Last night, Robert would not sleep. Usually, he falls right back to sleep after (or during) a feeding. Not last night. He wasn't crying, really, just fussing: whimpering, grunting, kicking and waving. Just enough to keep me from sleeping, either. Not nearly enough to keep Don up, of course. Because of that, I stayed in bed longer than I meant to this morning. Having no air conditioning in my car to speak of, if I want to get out of the house at all during the day, I have to go early, before the car heats up too much. (It's not so much the outside temperatures, which I can handle pretty well as a born-and-bred Texan, but the added green-house effect of the car itself. I worry for the baby.) We had to skip our daily walk (sorry, Alice) and trip to our favorite coffee house. I decided on a route that would take us to Shenandoah Joe's instead (another great coffee place), then Whole Foods, then Harris Teeter. (I know it's fussy to use two different grocery stores, but that's how it is. I like getting produce, fish, and meats from WF; paper goods, pet food, and stuff like that from the other.) The problem with Joe's is that their parking lot is very small, and there is no other place to park. We drive there, find no place to leave the car, so I have to go on. Decide to hit up Starbucks instead, as it's quite close to Whole Foods. Finally reach Starbucks, park the car, and... realize that I left my purse (wallet, money, drivers' license, everything) at home. Swear copiously. Turn around and head for home. Have I mentioned that it's like 90 degrees out? Because it is.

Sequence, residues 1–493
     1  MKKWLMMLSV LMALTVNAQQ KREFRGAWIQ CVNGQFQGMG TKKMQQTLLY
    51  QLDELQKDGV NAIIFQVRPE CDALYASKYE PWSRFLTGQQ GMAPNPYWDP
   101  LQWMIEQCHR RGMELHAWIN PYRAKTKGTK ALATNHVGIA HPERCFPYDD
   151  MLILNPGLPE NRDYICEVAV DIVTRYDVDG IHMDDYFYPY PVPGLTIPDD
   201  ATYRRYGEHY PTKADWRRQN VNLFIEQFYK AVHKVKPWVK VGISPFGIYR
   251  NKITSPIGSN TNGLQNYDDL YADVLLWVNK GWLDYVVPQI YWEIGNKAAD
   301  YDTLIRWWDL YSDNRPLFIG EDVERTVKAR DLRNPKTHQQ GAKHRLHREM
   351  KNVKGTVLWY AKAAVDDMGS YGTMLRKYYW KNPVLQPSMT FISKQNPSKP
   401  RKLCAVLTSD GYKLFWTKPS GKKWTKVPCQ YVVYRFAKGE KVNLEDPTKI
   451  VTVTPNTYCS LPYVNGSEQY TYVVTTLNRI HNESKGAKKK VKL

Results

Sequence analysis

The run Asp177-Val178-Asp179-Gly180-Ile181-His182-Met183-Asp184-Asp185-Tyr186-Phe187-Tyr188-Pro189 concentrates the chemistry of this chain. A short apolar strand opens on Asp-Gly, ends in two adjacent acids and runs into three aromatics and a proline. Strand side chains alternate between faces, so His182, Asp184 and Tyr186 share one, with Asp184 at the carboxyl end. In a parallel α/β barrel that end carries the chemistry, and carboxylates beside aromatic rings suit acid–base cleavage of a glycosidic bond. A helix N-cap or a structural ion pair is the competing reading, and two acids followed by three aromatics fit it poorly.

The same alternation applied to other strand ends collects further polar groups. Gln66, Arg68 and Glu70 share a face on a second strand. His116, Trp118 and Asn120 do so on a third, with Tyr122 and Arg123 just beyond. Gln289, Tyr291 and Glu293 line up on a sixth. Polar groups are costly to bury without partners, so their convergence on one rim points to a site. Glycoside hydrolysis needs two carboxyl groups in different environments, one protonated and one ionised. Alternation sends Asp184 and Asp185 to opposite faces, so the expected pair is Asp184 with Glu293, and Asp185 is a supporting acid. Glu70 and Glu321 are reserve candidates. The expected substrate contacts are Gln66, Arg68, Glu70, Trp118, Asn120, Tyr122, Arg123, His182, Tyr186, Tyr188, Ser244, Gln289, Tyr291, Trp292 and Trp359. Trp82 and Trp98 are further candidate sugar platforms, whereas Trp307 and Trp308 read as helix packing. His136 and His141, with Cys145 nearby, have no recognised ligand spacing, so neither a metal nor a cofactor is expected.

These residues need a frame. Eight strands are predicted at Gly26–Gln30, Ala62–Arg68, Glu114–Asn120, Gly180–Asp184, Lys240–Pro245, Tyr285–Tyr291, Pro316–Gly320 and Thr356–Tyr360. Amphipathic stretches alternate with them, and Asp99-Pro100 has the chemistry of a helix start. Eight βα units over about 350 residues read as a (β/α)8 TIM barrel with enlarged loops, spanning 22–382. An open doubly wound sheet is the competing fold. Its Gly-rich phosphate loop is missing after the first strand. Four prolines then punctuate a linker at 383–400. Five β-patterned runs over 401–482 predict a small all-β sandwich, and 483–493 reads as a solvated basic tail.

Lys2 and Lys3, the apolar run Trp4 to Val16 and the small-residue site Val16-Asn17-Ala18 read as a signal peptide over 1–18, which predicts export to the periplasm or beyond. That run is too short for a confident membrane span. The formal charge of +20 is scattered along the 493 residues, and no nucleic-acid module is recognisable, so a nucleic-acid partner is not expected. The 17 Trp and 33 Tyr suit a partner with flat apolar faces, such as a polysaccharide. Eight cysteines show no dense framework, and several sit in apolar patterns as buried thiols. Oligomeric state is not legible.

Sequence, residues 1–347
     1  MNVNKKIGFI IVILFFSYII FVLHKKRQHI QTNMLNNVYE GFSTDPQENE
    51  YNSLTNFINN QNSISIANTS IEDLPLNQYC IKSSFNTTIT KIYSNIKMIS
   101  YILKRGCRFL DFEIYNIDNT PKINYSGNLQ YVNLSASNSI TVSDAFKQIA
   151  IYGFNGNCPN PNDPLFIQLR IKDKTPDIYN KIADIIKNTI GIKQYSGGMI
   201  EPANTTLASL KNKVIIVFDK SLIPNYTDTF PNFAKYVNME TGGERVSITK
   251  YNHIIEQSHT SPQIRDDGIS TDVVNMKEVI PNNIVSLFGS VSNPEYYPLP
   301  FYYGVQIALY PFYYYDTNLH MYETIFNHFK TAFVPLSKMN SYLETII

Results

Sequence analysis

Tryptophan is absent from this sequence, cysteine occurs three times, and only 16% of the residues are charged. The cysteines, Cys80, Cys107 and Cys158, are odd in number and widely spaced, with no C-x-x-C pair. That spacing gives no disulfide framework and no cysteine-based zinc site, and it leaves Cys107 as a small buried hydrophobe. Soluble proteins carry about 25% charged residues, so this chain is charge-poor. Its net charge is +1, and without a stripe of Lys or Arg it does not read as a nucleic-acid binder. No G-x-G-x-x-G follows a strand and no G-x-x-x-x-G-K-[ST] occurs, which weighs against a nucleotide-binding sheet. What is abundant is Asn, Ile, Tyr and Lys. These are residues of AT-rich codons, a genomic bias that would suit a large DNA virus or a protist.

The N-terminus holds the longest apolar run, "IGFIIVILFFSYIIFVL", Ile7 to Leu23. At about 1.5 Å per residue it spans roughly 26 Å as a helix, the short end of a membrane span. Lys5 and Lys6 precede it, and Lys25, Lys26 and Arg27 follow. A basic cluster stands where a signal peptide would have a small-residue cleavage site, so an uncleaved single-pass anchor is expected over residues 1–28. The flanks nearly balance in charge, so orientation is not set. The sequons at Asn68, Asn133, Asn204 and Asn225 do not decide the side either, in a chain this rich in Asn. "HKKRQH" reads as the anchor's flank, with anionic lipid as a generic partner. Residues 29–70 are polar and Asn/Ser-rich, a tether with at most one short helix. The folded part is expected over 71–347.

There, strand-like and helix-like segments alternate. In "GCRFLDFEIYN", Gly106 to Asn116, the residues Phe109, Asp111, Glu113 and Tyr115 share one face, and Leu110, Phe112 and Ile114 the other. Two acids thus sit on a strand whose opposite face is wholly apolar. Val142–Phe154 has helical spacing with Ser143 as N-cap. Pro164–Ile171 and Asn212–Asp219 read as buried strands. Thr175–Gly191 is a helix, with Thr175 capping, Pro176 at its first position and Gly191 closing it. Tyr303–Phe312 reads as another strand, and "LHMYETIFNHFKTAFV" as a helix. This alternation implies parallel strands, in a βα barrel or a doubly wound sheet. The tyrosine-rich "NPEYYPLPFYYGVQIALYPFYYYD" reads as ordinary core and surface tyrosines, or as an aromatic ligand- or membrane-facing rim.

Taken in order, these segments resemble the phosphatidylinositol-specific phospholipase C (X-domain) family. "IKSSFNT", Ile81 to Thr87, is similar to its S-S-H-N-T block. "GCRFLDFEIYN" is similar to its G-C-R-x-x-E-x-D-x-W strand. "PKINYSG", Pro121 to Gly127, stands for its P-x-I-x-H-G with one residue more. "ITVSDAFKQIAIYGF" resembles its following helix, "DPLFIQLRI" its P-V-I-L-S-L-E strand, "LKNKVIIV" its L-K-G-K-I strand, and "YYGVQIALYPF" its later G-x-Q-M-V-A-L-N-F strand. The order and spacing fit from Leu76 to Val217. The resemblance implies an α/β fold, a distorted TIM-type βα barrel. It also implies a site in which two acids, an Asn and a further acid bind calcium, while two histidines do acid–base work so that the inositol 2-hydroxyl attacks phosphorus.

Drive all the way back home, run inside, grab stupid purse. Since we're starting from scratch, now, decide to try Joe's again. This time, there's a parking spot, thank goodness. Things start to look better with an iced mocha. (Have I mentioned that I haven't, at this point, had any coffee or any breakfast yet?) Decide to scratch HT's and just do Whole Foods as quickly as possible. Hope that they have something called Gentian Violet, a topical remedy for thrush. They do not. Robert, who has been a model citizen up until this point, loses it in the checkout line. I'm carrying him in the Mei tei, and he's having no more of it. Aside: you know what's funny? There seems to be an inverse relationship between how much help somebody needs, and how much is offered. I've had people offer to let me cut in line ahead of them, ("because your hands are so full!") when Robert is sleeping peacefully in the Mei Tei. Checkers and baggers offer me help out to my car when I only have a few items. But when the baby is screaming, or I have a forty-pound bag of kibble to wrestle with, everybody seems to look the other way. I don't get it.